Interferon Gamma Inhibits Adipogenesis in vitro and Prevents Marrow Fat Infiltration in Oophorectomized Mice


Christopher Vidal, Sandra Bermeo, Wei Li, Dao Chao Huang, Richard Kremer, Gustavo Duque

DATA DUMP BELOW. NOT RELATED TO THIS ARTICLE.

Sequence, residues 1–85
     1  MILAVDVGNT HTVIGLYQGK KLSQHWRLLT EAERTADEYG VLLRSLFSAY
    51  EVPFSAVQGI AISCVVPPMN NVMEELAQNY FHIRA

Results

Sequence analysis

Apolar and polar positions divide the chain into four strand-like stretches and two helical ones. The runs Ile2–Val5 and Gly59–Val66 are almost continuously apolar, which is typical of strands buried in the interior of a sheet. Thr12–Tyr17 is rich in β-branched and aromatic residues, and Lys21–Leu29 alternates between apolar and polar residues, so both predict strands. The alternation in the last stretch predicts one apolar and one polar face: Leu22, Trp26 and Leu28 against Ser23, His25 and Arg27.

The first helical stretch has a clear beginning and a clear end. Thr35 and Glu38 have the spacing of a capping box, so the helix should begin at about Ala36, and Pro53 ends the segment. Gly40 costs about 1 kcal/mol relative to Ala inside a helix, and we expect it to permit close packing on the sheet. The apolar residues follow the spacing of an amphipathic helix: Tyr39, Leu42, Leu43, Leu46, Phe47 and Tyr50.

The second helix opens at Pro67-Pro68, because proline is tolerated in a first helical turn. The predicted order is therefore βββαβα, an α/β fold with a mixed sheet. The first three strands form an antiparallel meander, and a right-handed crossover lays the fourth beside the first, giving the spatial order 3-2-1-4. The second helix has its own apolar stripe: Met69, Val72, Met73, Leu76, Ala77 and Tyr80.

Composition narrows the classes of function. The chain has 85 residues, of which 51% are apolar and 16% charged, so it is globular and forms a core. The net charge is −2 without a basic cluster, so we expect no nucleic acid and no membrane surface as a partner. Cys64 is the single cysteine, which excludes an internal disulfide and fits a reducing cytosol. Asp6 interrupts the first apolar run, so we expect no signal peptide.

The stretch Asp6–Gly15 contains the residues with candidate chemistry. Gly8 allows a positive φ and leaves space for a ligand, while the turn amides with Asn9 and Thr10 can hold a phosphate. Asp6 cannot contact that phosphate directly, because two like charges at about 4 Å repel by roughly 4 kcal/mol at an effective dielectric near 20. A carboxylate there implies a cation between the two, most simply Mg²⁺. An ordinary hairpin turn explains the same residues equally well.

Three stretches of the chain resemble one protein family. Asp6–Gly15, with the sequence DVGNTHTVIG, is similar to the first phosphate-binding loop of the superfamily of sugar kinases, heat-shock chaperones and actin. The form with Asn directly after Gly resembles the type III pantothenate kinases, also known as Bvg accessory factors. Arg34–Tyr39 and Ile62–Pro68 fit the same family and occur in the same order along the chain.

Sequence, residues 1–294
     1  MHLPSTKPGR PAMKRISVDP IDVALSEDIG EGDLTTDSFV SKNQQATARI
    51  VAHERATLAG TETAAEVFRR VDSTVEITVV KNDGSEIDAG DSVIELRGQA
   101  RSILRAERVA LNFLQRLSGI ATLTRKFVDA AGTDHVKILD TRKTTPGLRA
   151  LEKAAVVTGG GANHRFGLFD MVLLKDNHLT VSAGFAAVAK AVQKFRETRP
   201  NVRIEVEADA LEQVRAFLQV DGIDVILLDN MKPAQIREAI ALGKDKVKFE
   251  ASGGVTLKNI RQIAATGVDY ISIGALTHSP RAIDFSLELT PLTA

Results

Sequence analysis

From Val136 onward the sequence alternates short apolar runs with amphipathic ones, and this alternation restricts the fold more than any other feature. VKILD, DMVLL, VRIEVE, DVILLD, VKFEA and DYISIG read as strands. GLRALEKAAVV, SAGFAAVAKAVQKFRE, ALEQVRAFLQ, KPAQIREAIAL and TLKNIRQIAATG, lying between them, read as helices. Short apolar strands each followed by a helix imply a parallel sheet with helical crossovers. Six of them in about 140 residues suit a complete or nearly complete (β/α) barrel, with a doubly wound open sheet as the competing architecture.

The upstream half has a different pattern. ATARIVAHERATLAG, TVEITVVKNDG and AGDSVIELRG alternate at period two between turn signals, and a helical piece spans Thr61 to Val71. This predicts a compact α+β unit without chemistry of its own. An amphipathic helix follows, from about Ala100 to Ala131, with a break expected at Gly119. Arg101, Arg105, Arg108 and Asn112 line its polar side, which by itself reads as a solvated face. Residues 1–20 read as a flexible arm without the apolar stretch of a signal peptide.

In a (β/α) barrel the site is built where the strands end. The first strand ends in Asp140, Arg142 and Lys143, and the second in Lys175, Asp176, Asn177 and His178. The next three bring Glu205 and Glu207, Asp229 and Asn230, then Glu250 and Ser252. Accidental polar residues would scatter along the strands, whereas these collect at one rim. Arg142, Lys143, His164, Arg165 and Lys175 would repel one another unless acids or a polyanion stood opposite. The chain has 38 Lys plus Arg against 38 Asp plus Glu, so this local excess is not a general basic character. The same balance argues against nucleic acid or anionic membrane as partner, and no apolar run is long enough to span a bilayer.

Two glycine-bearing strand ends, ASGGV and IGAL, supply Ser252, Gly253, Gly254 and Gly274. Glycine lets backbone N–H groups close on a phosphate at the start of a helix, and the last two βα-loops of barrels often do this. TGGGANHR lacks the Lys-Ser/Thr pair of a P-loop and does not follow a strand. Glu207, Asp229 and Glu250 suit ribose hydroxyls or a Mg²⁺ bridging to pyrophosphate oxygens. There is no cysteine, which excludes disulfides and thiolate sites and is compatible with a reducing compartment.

Interferon gamma (IFNγ) has been reported to induce osteoblastogenesis from mesenchymal stem cells (MSC) both in vitro and in vivo. With ageing, adipocytes outnumber osteoblasts within the bone microenvironment leading to a decrease in bone formation. Since both osteoblasts and adipocytes are of mesenchymal origin we hypothesized that IFNγ treatment might negatively affect adipogenesis while stimulates osteoblastogenesis in human MSC. To test this hypothesis, human MSC were induced to differentiate into adipocytes in the presence or absence of osteogenic doses of IFNγ (1, 10, 100 ng/ml). IFNγ-treated MSC showed a decrease in adipocyte differentiation and lipid deposition as compared with vehicle-treated controls. Additionally, adipogenic markers were significantly decreased by IFNγ treatment at the same doses that have been reported to have a strong osteogenic effect in vitro. Furthermore, DNA binding of PPARγ was significantly lower in IFNγ-treated differentiating MSC. Subsequently, ovariectomized C57BL6 mice were treated with osteogenic doses of IFNγ three times a week for 6 weeks. In distal femur, treated mice showed significantly higher hematopoiesis concomitant with lower levels of fat volume/total volume, adipocyte number and expression of adipogenic markers as compared with the vehicle-treated mice. Together, these findings demonstrate that, at osteogenic doses, IFNγ also acts as an inhibitor of adipogenesis in vitro and prevents marrow fat infiltration while favors hematopoiesis in ovariectomized mice.

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